The authors conclude that people who file for bankruptcy are, as a rule, neither impoverished families nor wily manipulators of the system. Instead, debtors are a cross-section of America. If one demographic segment can be isolated as particularly debt-prone, it would be women householders, whom the authors found often live on the edge of financial disaster. Very few debtors (3.7 percent in the study) were repeat filers who might be viewed as abusing the system, and most (70 percent in the study) of Chapter 13 cases fail and become Chapter 7s. Accordingly, the authors conclude that the economic model of behavior - which assumes a petitioner is a "calculating maximizer" in his decision to seek bankruptcy protection and his selection of chapter to file under, a profile routinely used to justify changes in the law is at variance with the actual debtor profile derived from this study.

A few stereotypes about debtors are, however, borne out. It is less than surprising to learn, for example, that most debtors are simply not as well off as the average American, or that while bankrupts' mortgage debts are about average, their consumer debts are oft the charts. Petitioners seem particularly susceptible to the siren song of credit card companies. In the study sample, creditors were found to have made between 27 percent and 36 percent of their loans to debtors with incomes below $12,500 (although the loans might have been made before the debtors' income dropped so low). Of course, the vigor with which consumer credit lenders pursue their goal of maximizing profits has a corresponding impact on the number of bankruptcy filings.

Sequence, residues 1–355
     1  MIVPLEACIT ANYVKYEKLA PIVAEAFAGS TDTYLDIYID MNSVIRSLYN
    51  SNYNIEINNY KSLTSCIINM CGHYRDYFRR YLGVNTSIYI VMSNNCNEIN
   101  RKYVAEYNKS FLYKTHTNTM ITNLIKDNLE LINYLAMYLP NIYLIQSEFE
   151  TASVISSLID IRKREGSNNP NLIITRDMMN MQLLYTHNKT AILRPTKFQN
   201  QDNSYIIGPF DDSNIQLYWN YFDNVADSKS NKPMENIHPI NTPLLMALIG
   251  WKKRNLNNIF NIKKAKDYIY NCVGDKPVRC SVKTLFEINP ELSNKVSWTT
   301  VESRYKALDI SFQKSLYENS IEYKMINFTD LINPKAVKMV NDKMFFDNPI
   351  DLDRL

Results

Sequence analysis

The book won the ABA's 1990 Silver Gavel Award. A special 1999 update by the authors is included exclusively in the Beard Books reprint edition.

From Science:

A landmark contribution, not only to the bankruptcy literature but also to our understanding of how consumers utilize credit resources available in our economy.

From Michigan Law Review:

With clarity and readability...the authors reveal...sometimes pathbreaking data about actual debtors and creditors.

From Brady Williamson, Chairman of the National Bankruptcy Review Commission

Ten years ago, this was an important book...Today, with more bankruptcies than ever, it's an essential book.

Credit cards, consumer debts and bankruptcies are more a part of American culture than ever before... That's why this book's relevance and impact have only grown. 

The best books improve with age...This pioneering work on law, sociology and economics has become a classic, more relevant now than the day it was published.

From Choice

"In this volume the authors study the characteristics of Chapter 13 and Chapter 7 bankruptcy filers, based on a sample of about 1,300, and recommendchanges in bankruptcy laws based on these findings. . . . {The study examines} bankruptcy law and compares filers to the general population in terms of income, occupation, assets, marital status, and special circumstances leading to filing such as credit card abuse, income interruptions, and heavy medical expenses. They also examine such . . . bankruptcy issues as repeat filings and debtors' ability to pay, and . . . {consider} some myths about who files and howoften filers repeat." (Choice) Index.

A  fascination picture of patterns of bankruptcy. Accessible to the general reader....


From H.H. Ulbrich - Choice  
{This book is} written in clear, nontechnical language. . . . Because thedata files are not supplemented with interviews, the authors' reconstructionsare rather speculative, but, overall, they present a fascinating picture of patterns of bankruptcy. Accessible to the general reader; particularly useful for collections in consumer law, consumer economics, and related areas.
From Terence C. Halliday - Contemporary Sociology